Those Pesky Japanese Beetles!
It is that time of year again when Japanese beetles are flying around and devouring plant material. We have been fortunate over the last couple of years to have low populations of Japanese beetles. This is due to the dry weather that we have been having. Unfortunately, the dry weather has hampered the success of our gardens and landscapes.
Japanese beetles feed on over 275 different kinds of shade and fruit trees, shrubs, flowers, small fruits, garden crops and weeds. The beetles tend to aggregate in response to odor released by damaged plants and a pheromone released by female beetles. Soon after emerging female beetles burrow two to three inches into damp soil and deposit 40 to 60 eggs in small batches. In extremely dry weather, many eggs and larvae perish. In warm wet summers, eggs hatch in about 2 weeks. There is only one generation per year. The larvae burrow through the soil feeding on roots until cold weather forces them into hibernation. The grubs overwinter in soil about six inches deep, and move close to ground level in the spring where they complete feeding and pupating. The peak feeding time and abundance of beetles is in late June or early July.
Spraying pesticides can protect flowers and ornamental plants. However, there are other options for control besides pesticides. They can easily be knocked off the plants in a jar or bucket of soapy water. If insecticides are your weapon of choice carbaryl, malathion, or imidacloprid are useful products. Pyrethrin containing products are slightly more persistent. Carbaryl will protect foliage for about five days and pyrethroid products may give up to two weeks. All products are weather dependent.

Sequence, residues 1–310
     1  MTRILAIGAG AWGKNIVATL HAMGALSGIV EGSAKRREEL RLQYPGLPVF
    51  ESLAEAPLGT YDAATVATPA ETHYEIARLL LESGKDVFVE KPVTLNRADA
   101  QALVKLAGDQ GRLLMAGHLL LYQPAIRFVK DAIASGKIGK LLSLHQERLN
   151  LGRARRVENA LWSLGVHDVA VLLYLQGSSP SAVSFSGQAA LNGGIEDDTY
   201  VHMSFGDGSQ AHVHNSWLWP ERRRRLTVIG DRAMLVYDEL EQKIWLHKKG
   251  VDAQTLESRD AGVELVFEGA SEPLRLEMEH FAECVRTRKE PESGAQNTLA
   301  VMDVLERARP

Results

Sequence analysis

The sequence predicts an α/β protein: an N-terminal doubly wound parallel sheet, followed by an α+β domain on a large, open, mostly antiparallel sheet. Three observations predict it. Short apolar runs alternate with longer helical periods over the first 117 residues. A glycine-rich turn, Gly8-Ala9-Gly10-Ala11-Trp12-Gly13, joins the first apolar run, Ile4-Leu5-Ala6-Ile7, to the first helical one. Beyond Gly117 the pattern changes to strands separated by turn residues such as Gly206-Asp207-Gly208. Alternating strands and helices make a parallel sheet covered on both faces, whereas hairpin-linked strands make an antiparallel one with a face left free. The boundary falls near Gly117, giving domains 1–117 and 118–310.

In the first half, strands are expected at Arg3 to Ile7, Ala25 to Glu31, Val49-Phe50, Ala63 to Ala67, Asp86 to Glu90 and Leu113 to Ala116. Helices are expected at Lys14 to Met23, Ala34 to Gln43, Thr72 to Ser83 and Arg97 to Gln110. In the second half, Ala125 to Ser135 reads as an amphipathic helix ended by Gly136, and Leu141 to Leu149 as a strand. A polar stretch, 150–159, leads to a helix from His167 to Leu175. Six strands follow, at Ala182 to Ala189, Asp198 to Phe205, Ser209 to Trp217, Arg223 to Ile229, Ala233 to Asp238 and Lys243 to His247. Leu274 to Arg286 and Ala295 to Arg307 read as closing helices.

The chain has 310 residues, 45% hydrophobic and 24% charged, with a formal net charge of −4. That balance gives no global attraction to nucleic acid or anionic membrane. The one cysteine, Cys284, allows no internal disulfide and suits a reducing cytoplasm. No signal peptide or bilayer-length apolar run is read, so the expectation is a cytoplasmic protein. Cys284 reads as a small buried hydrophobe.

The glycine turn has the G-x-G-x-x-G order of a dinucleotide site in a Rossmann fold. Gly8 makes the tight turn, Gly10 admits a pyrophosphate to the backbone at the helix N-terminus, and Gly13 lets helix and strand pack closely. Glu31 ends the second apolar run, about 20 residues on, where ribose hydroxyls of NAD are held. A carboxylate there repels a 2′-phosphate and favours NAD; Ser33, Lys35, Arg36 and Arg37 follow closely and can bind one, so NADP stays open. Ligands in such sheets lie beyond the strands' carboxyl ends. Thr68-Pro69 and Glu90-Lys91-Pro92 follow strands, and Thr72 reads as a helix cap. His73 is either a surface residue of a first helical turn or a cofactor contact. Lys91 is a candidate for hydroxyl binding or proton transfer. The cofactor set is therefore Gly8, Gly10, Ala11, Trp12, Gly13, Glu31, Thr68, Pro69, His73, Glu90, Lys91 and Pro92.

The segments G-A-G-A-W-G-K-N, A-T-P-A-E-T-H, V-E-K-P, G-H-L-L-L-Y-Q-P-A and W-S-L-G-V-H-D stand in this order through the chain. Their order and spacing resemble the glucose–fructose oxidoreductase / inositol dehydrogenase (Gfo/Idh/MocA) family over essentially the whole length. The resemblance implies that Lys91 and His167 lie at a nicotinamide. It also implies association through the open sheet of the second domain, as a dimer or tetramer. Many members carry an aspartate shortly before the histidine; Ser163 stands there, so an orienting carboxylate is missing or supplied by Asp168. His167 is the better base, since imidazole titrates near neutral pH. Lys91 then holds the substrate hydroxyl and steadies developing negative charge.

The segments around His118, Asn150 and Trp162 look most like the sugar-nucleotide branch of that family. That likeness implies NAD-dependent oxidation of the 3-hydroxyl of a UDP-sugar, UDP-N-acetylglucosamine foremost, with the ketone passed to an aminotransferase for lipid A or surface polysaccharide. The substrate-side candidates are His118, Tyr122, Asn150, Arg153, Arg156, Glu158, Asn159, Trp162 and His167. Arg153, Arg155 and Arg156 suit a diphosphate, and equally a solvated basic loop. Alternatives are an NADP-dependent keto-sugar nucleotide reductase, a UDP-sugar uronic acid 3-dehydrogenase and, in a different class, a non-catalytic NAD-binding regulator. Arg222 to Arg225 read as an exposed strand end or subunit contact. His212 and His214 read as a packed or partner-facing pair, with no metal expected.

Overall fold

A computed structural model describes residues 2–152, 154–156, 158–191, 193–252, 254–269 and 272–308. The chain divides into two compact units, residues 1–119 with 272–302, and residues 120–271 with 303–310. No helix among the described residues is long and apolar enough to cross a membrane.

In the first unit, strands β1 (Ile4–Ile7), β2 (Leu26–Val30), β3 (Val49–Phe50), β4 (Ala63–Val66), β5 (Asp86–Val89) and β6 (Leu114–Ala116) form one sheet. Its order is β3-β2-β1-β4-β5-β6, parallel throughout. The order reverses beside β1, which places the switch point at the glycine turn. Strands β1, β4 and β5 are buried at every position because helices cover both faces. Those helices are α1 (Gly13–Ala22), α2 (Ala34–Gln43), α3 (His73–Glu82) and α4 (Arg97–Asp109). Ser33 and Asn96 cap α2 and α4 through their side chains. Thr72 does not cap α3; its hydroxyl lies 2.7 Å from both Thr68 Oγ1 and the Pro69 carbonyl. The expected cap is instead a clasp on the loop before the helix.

Controlling the larvae (grubs) can be done easily by using the right product at the right time. Keep in mind the grubs are feeding in the spring as soil temperatures are warming up near the surface. Therefore, quick acting insecticides like granular carbaryl will work in the spring. In late June and early July the eggs are hatching near the surface, therefore, at this time a granular imidacloprid or bifenthrin product would work better. Milky Spore Disease (Bacillus popilliae) is a soil treatment where the spores infect and kill only Japanese beetle grubs. Milky spore can be applied from July until the first hard freeze to large areas of turfgrass. Milky spore can be an expensive type of treatment and the control is as only as good as the application. No matter which product or approach is selected, be sure to follow the label always.
One thing to keep in mind is that beetle traps will attract beetles. They should only be used to monitor the pest not to control the pest. If you use a beetle bag you will need to empty it every two to three days. Deciding on the best option for managing Japanese beetles and grubs will depend on their activity in your landscape and surrounding area.